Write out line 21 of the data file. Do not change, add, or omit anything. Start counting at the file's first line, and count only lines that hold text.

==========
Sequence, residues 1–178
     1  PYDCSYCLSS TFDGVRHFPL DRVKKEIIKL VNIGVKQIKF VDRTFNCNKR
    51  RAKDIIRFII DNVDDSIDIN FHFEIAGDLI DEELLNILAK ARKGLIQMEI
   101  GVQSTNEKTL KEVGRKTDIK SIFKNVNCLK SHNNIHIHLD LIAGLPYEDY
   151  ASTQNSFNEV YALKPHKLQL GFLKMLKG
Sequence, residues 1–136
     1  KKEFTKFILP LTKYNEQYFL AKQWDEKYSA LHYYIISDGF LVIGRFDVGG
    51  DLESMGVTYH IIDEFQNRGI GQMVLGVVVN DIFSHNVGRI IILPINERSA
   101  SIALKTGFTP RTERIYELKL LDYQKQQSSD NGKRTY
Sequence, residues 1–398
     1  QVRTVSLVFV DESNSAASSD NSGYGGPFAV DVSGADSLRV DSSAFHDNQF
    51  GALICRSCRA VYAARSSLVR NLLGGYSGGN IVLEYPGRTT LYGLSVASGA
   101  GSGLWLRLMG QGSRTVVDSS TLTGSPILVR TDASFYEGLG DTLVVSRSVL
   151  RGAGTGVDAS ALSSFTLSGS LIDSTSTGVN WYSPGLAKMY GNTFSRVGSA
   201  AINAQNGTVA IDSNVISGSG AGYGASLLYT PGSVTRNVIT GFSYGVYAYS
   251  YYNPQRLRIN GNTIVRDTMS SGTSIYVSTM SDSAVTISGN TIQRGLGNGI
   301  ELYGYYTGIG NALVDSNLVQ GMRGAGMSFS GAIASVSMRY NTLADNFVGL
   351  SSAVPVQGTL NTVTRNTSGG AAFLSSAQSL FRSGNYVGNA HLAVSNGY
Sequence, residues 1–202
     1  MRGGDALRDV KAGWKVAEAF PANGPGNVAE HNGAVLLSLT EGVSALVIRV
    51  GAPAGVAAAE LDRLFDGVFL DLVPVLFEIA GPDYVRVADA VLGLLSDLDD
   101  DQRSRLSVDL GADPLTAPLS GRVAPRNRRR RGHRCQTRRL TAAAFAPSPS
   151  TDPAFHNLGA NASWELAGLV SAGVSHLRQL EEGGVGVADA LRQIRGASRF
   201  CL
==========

    51  GAPAGVAAAE LDRLFDGVFL DLVPVLFEIA GPDYVRVADA VLGLLSDLDD